Cryptocurrency: You'll have to claim it on your taxes this year

When you file your 2022 taxes, there is a new section for Digital Assets, like Bitcoin and Dogecoin, and Ether.

GREENSBORO, N.C. — There’s something on this year’s 1040 tax form that’s never been there before. It’s an entire section dedicated to Digital Assets.

The section reads: At any time during 2022, did you: (a) receive (as a reward, award, or payment for property or services); or (b) sell, exchange, gift, or otherwise dispose of a digital asset (or a financial interest in a digital asset)?  You have to answer yes or no.

What is this about? Cryptocurrency. If you bought cryptocurrency last year, if someone bought something from you and paid you in crypto or if you were given cryptocurrency, you need to check the yes box.

“Let’s say you bought cryptocurrency at its height of $60,000, but now it’s at $20,000 and you’re still holding on to it, there’s nothing to report about it until you actually sell it. If you sell it, then it’s like a stock transaction. But until then, you just check the box,” said Rodney Dodson of Liberty Tax Services.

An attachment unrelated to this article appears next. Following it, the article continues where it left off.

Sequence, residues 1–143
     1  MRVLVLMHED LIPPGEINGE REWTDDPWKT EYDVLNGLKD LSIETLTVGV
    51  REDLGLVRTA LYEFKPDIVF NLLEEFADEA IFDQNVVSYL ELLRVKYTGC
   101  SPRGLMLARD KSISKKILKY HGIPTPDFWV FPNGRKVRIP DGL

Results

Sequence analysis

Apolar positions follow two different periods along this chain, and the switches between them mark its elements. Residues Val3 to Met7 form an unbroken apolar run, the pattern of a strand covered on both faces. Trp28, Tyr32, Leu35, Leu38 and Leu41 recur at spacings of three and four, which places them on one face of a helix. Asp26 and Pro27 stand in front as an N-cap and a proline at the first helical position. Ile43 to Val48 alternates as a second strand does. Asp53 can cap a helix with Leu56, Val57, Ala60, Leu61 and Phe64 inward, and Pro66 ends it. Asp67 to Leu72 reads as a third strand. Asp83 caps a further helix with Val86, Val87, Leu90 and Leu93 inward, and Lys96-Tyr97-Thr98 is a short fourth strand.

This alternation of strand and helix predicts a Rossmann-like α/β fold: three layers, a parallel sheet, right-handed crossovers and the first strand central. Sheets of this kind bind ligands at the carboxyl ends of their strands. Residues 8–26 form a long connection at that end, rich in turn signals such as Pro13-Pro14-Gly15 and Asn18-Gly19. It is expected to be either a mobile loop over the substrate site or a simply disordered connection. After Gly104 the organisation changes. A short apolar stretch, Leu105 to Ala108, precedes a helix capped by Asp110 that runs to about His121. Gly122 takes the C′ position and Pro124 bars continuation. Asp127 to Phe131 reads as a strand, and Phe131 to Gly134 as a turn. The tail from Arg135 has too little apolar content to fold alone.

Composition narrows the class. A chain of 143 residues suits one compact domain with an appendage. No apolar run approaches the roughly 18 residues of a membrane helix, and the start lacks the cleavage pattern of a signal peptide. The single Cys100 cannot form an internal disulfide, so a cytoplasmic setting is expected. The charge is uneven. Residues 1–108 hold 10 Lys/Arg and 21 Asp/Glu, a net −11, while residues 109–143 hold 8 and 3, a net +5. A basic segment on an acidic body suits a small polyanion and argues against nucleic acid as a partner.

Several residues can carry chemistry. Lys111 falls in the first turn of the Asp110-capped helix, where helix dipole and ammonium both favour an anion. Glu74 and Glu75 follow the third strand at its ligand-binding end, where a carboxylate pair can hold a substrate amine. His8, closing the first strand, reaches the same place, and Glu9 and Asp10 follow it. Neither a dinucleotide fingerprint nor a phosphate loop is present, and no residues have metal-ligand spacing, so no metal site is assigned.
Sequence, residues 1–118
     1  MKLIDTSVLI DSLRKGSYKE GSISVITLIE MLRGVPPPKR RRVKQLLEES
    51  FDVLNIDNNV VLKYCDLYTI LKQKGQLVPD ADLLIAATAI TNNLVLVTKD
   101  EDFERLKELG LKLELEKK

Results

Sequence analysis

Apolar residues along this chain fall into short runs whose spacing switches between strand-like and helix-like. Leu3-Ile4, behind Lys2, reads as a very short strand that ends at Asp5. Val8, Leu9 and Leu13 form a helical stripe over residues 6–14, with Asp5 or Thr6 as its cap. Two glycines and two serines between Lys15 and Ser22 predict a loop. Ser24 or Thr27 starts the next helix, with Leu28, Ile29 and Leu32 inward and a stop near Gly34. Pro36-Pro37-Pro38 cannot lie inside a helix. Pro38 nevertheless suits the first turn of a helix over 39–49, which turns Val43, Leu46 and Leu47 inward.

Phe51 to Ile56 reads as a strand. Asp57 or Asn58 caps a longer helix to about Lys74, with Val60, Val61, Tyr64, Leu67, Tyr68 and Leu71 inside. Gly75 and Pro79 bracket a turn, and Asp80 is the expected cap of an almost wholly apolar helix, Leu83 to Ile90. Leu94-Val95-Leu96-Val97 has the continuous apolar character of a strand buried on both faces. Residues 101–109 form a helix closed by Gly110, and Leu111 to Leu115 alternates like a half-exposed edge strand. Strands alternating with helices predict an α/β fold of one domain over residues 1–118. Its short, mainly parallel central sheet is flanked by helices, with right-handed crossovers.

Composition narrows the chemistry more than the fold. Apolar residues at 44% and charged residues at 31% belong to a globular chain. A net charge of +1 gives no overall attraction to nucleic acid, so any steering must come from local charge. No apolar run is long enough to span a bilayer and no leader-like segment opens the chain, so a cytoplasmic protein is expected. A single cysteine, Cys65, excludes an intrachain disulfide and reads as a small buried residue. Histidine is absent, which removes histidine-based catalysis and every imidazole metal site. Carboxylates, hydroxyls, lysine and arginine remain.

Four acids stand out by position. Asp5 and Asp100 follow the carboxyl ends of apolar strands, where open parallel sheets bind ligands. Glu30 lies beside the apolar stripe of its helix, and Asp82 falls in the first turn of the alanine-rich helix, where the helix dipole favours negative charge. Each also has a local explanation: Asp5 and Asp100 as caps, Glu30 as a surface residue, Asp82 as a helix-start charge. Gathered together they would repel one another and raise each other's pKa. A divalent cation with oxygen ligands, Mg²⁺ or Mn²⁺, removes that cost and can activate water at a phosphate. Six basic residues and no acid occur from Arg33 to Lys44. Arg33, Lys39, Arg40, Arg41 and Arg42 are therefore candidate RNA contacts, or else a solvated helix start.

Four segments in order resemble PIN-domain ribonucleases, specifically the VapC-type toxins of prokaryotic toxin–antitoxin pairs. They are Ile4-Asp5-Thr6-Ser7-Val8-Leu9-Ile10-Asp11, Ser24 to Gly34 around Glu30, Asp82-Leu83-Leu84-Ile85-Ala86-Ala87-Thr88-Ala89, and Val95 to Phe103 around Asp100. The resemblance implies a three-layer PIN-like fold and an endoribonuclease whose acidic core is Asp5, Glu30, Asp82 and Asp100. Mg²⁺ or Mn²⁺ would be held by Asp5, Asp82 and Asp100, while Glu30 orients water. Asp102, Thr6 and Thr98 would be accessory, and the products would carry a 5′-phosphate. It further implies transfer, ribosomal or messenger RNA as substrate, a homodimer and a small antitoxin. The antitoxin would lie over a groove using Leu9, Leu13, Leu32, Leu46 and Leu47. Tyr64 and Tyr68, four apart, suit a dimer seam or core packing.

If you did in fact sell some of your cryptocurrency,
then you will be filling out a Schedule D form and that form leads to another form, 8949.

It sounds like a lot of work, especially if you lost money on the sale, but there’s actually good news with that.

“If you sold it and you lost money you’ll report it as a loss on your tax return, just like you would a stock, you can write off up to $3,000,” said Dodson.

This year, it’s digital assets like crypto. Next year, the form will change to include payments from third-party apps like Venmo, Zelle, and Cash App. We’ll have to see how that shakes out. The IRS doesn’t want to miss any income tax.

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